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New Ninth Circuit ruling paves way for defense lawyers to argue that prior felony convictions for robbery under California statute should not be treated as “crimes of violence”

Posted By admin 2018-06-11 04:51:01

The Federal Sentencing Guidelines are rules that set out a uniform sentencing policy for individuals and organizations convicted of felonies and serious misdemeanors under the United States federal courts system. The Guidelines determine sentences based primarily on two factors: (1) the conduct associated with the offense; and (2) the defendant’s criminal history. I spend a considerable amount of time on each of my federal cases strategizing how to arrive at the most favorable sentence for my clients under the Guidelines. The Guidelines involve a complex series of rules, and it is important for defense lawyers to stay on top of how federal courts interpret controversial areas of these rules.

Thankfully, the Ninth Circuit provided helpful guidance for the defense this past week on cases involving prior felony convictions for robbery. Under the Guidelines, the base offense level for offences can vary depending on whether the defendant has one or more prior felony convictions for a “crime of violence.” The Guidelines define the term “crime of violence” as any offense under federal or state law, punishable for a term exceeding one year, that either: (1) has as an element the use, attempted use, or threatened use of physical force against the person of another; or (2) falls within certain enumerated violent offences.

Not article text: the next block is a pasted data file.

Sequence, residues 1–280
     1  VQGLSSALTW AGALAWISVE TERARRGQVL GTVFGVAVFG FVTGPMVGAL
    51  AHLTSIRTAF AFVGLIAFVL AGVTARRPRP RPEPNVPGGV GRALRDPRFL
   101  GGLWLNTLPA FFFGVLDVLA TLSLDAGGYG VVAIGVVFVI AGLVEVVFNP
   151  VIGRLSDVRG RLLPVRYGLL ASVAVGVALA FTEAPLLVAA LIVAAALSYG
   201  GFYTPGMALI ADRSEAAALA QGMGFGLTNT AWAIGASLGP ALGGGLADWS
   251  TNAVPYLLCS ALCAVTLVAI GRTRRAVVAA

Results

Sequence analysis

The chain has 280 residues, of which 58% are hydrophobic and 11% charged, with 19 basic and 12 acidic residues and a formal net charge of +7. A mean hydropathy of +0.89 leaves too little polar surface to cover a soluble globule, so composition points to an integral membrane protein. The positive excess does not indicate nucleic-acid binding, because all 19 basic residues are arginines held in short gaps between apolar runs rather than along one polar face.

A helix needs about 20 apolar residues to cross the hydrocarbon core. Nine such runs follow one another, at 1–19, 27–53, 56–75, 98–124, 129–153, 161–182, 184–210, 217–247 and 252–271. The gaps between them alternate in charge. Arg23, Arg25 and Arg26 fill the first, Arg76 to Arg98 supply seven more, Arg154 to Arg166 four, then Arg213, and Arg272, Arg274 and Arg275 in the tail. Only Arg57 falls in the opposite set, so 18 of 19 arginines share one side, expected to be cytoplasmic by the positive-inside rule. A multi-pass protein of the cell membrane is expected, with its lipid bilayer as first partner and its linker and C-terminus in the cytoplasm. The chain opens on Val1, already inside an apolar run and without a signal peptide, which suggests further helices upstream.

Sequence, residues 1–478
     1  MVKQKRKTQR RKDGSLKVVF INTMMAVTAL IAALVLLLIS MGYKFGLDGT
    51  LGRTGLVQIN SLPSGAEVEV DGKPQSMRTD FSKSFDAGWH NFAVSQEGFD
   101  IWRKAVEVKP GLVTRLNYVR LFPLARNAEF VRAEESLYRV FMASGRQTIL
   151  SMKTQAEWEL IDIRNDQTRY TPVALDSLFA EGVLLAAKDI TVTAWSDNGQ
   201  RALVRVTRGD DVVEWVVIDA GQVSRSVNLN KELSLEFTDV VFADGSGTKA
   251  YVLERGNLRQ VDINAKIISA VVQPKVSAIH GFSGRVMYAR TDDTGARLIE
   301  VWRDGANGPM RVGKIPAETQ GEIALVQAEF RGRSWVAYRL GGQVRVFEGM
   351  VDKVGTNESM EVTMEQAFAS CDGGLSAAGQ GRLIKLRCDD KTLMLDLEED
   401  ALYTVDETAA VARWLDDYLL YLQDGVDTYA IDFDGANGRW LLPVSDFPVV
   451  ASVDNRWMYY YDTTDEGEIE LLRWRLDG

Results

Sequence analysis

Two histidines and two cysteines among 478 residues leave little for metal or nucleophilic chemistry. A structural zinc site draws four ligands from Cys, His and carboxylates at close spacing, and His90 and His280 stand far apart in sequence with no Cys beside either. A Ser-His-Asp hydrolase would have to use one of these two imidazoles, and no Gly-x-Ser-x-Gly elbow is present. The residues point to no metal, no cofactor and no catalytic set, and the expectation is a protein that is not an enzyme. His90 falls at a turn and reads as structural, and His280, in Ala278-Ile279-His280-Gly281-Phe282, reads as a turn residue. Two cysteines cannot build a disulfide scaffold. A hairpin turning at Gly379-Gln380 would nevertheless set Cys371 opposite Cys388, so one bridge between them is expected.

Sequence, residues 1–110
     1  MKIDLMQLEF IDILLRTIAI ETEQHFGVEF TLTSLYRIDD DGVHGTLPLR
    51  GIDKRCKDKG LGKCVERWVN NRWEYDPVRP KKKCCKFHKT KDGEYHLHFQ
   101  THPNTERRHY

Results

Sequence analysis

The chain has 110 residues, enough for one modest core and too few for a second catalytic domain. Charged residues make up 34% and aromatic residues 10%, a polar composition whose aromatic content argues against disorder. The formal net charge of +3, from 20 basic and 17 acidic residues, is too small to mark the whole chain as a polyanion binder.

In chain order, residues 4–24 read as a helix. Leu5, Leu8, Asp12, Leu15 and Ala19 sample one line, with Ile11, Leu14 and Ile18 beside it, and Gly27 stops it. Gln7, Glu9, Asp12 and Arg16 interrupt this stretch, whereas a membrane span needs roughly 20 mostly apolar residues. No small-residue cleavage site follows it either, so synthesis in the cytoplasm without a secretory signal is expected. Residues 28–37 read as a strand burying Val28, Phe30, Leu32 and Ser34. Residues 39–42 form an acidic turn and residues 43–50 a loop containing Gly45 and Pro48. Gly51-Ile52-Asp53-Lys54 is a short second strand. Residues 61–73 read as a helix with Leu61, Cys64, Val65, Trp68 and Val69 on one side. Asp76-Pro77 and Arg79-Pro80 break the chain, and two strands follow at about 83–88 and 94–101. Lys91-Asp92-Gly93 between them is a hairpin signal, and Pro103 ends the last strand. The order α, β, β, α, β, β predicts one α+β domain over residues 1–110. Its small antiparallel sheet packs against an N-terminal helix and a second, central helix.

In Edling, the Ninth Circuit found that the district court erred in treating the appellant’s previous robbery and coercion convictions under Nevada law as a crimes of violence. Accordingly, it vacated a sentence for being a felon in possession of a firearm and remanded for resentencing.

In essence, the Ninth Circuit ruled that robbery, under Nevada law, is not a crime of violence because it can be accomplished by instilling fear or injury to property alone. The panel found that Nevada’s robbery statute sweeps more broadly than the Guidelines’ definition of a crime of violence, which requires physical force against a person. The panel further found that the robbery under Nevada law is unlike generic robbery, listed as an enumerated offence clause for crimes of violence, because generic robbery requires danger to the person, not merely danger to property. Similarly, the panel concluded that the new Guideline definition of extortion, also listed as an enumerated offence in the crimes of violence clause, does not include a threat to property.

I view the Edling decision as an exciting win for California, especially for federal clients with prior felony convictions for robbery under California statute. The Edling holding on robbery under Nevada law will likely control the question for robbery prior convictions under California law. The Ninth Circuit has previously ruled in a few cases that Nevada’s robbery statute is materially indistinguishable from California’s robbery statute. Accordingly, the Ninth Circuit should rule in future cases that robbery, under California law, is not a crime of violence. Going forward, defense lawyers should fight against any prosecutor’s claim that robbery in California is a crime of violence.

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